Eduardo Castañeda Nimitz High School Senior Division Individual Exhibit Read Eduardo’s Process Paper In 1904, President Theodore Roosevelt announced a new “Corollary” to the Monroe Doctrine of 1823: that the United States would no longer simply protect Latin America from foreign powers, but actively intervene in their domestic affairs. Over the coming decades, the American […]
Helen Hartman Rockport Fulton Middle School Junior Division Historical Paper Read Helen’s Paper Here The internment of Japanese-Americans in the United States during World War II is a familiar story. But did you know that Japanese, German, and Italian families from around Latin America were also deported to the U.S. and held in INS camps? […]
William Louis Burkburnett Middle School Junior Division Individual Website In 1955, a collection of citizens in Montgomery, Alabama decided to stand up against the injustice of Jim Crow. Edgar D. Nixon, Martin Luther King and many other activists boycotted the city’s bus system to protest the arrest of Rosa Parks for refusing to give up […]
Using digital collections can be a daunting task. With hundreds of thousands of documents, unless you know what you’re looking for, an online archive can look like one giant blur. Calisphere’s collection on the California Gold Rush is a great collection that offers something to both archive experts and first timers.
Who actually lived in The Adirondacks, Yosemite, and The Grand Canyon before they became national parks? This is the simple, but compelling, question Karl Jacoby asks in Crimes against Nature: Squatters, Poachers, Thieves, and the Hidden History of American Conservation.
Photographs, primary documents and personal recollections offer important glimpses, but one digital history site specifically wants to understand how it sounded.
by Charley Binkow Images of war surround us today. We see high-definition photographs and videos of violence on our televisions, smartphones, and laptops almost constantly. But what was living through war like when people didn’t have instant videos or photographs? George Mason University’s Virginia Civil War Archive gives us a glimpse into the American media’s […]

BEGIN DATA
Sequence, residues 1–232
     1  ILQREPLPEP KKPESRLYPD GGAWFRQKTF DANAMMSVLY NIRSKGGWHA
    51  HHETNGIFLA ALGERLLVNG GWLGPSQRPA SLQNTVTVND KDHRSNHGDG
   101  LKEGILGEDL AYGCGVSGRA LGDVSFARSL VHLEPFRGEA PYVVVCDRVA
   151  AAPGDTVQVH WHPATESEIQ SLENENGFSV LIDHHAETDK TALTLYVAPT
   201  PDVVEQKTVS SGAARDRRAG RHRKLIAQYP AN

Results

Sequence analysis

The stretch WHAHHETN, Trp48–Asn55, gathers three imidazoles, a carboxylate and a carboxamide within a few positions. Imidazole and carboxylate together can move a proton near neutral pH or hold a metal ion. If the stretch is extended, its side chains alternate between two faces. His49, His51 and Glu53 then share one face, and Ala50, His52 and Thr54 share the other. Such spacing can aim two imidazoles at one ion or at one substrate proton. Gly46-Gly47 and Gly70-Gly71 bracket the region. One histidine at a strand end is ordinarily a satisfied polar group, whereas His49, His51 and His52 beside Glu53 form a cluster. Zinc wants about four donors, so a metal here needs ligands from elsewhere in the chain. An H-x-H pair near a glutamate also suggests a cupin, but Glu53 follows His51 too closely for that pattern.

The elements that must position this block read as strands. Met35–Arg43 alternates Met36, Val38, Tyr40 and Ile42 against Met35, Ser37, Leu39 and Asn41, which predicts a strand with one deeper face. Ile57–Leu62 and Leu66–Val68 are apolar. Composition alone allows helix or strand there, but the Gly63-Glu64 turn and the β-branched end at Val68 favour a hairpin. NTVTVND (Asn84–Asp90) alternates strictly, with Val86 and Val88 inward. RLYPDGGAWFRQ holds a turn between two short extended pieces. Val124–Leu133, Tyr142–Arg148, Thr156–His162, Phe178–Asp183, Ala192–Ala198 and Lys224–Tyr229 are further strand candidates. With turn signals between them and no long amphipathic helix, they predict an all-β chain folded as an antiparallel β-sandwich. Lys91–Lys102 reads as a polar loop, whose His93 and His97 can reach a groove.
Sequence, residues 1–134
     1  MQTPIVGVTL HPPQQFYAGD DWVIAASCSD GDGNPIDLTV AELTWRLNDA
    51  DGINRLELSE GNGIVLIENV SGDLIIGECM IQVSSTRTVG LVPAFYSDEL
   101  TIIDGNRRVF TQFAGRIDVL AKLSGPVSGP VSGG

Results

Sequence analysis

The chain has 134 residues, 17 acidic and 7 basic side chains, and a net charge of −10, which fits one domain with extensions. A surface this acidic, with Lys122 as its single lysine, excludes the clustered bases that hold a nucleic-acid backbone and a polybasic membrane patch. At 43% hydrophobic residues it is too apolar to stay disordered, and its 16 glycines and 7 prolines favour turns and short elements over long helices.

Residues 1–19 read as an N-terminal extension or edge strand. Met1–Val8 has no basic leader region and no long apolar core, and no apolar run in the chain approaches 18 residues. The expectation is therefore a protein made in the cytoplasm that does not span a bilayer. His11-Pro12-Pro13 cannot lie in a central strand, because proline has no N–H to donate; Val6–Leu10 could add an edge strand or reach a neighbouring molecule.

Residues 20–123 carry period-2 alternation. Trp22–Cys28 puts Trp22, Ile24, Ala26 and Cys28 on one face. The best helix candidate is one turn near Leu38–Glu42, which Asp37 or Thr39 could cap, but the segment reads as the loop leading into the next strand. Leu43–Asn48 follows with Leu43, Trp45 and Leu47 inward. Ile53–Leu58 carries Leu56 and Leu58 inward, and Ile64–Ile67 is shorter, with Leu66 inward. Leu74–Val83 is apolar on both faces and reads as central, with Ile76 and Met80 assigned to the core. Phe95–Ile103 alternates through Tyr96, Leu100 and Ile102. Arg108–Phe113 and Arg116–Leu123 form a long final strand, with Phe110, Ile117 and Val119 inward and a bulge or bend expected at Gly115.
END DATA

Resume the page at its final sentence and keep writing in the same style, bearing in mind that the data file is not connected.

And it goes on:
Hailed as a pioneer of conservatism by some and reviled as an enemy of the middle class and a supporter of dictators by others, Reagan’s legacy has largely been shaped by debate between partisan pundits. Gradually, however, a limited body of more moderate of “Reagan revisionism” has begun to emerge.
In the study of history, it’s easy to fall back on national identities: “Irish music,” an “English accent,” “American Exceptionalism” are just a few examples. But a closer examination of the local cultures—music, dialects, history—that exist within nations demonstrates how misleading those generalizations can be. Just look through one of the British Library’s “Sound Maps” and you’ll be convinced.
My mother, Rae Straw, and her friend Pam had an odd assignment in 1979 for two travel agents from Houston: selling the Soviet Union to American tourists. For travel agents, such familiarization or “FAM” trips were a regular occurrence, but going to the Soviet Union during the preparations for the 1980 Moscow Olympics was a unique experience.